Often people think I’m a workaholic. But somebody who is an ‘aholic’ of any sort is rendered dysfunctional by whatever it is they’re consuming, be it drugs, booze, work, sex. It’s doing something bad to them. My energy, which is considerable I admit, hasn’t in any sense impacted badly on my life. I have plenty of time for my family, I love to drink, I love to socialise, and I have many friends. I spend more time not working than working by a long way. But when I do work I work quite hard. If I sit down for four hours at my desk, I’ll have a few pages to show for it at the end, but then I’ll go on my paddle board and I’ll start thinking about what I’ll cook the family for supper. So I’m not rendered dysfunctional. I’m very lucky! I enjoy doing what I do, I’m good at it and it doesn’t make me unhappy. Some people are apparently tortured by their needs or their desires. People always want their comedians to be deeply unhappy, but I’m not. I’m a boringly functional person.
So do you think luck as played a big role in your career?
Of course! But I have a real facility to do what I can do. I think nurture and nature have a lot to do with it. I mean some people can run a lot faster than I can because that’s the way they are born. I definitely have talent to write, I would be stupid to say that I didn’t.
I know that the fact that I was middle class meant I could come to London after university, and my parents could help me. I wasn’t broke long, but I knew that I could really go for it. I didn’t feel the deep need that I must start with a job in a bank or whatever. I felt confident that I could try to make my way in the arts and part of that was because of my secure family background. It’s much worse today. I don’t know what non-middle class kids are supposed to do because no-one’s prepared to pay anybody. [Internships] didn’t exist when I was young. Your first job was lowly pay but it was still paid. So I was lucky to be born when I was and I was lucky to have the chances I had. But I made the most of them.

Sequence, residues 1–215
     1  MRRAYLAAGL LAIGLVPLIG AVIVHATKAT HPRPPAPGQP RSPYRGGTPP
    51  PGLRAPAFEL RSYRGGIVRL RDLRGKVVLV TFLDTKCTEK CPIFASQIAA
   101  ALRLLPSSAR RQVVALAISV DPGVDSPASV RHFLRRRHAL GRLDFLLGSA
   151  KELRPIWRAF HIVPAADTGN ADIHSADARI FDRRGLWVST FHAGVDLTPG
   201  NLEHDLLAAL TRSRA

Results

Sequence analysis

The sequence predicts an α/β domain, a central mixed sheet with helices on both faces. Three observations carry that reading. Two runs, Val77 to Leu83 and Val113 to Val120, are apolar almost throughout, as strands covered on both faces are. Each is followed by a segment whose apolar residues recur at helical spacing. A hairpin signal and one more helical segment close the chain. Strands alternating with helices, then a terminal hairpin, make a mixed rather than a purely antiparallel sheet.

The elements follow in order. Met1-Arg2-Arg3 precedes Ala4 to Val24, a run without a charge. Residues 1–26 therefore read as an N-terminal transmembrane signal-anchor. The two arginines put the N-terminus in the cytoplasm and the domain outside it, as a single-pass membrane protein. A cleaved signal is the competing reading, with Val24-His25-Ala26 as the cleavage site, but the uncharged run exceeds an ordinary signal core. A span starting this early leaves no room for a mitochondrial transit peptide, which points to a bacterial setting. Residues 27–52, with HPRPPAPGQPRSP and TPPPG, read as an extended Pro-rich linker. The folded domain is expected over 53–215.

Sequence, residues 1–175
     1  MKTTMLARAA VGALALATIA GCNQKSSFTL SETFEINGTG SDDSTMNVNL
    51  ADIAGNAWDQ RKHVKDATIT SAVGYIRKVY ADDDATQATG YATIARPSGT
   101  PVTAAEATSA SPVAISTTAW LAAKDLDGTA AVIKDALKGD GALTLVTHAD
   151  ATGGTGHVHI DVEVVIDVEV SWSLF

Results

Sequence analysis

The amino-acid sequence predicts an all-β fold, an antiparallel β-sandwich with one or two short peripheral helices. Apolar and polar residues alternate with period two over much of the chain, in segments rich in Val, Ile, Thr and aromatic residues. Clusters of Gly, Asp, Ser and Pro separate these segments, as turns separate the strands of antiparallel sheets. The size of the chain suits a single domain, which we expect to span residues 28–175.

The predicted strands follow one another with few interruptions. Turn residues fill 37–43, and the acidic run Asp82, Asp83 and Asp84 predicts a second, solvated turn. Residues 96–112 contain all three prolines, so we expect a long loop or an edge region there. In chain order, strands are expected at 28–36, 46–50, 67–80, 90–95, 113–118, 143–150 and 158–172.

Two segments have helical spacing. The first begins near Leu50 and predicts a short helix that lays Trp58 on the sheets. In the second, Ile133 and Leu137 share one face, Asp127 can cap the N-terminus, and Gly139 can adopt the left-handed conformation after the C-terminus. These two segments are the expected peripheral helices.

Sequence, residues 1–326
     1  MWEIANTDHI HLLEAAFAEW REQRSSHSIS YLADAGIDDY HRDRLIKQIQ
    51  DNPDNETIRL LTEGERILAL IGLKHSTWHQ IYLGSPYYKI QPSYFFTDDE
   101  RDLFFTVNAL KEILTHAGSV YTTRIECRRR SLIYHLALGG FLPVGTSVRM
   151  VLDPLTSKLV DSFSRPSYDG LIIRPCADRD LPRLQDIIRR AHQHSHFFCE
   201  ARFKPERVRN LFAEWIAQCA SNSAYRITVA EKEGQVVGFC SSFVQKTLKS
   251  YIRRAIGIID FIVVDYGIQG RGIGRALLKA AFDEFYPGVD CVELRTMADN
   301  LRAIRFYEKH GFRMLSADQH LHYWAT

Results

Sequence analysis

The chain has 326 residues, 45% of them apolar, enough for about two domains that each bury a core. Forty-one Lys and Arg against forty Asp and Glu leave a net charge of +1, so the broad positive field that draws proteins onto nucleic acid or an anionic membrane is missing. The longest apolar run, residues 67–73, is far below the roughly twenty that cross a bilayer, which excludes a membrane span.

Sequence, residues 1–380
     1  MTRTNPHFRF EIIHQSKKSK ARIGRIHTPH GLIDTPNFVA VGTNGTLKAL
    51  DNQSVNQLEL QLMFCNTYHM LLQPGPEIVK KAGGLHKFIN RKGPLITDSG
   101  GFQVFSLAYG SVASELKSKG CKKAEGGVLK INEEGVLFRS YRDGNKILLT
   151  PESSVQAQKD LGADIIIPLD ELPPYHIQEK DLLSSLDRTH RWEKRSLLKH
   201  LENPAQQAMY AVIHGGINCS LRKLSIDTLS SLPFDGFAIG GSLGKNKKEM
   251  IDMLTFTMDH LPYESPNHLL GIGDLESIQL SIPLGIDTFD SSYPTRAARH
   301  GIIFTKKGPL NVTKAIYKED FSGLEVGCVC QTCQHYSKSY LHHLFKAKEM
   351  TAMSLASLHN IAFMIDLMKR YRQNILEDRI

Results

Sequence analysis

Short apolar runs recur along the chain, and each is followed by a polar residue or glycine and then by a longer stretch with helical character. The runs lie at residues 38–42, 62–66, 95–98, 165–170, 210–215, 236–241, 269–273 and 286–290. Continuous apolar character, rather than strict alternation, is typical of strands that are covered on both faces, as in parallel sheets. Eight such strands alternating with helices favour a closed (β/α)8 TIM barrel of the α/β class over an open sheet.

You’ve written plays, television scripts, musicals, you’ve directed – what’s your favourite?
The work I like doing the most is in the theatre, with actors. I loved working on We Will Rock You. I directed that as well as wrote the story and the dialogue. And I’m loving this process here [with Gasp!]. I like to get out of my study and work with actors. I enjoy the company of actors and I enjoy directing. I’m not directing this but I’m working with the director and that’s fun too.
So what's next?
I have a new novel coming out, which I’m thinking a lot about. It’s about the cause of the first world war. I’m a gleeful reader of history. I am an amateur historian, I read history all the time. It’s my leisure reading. I’ve written more novels than I’ve read, but I’ve read immense amounts of history. So I’ve got that novel coming out and I’m working on developing a new sitcom with the BBC which is exciting, and of course I’ve got Gasp!, which I’m working very hard on at the moment.
Sounds like a full plate…
Yeah I’m very lucky. I mean you asked if I’m lucky, of course I am. But I certainly don’t squander my good fortune. I try to do the best work I can, I try to be a generous colleague to the people I work with, and try to act responsibly with the money I make.
See GASP! at the Playhouse Nov 17 - Dec 7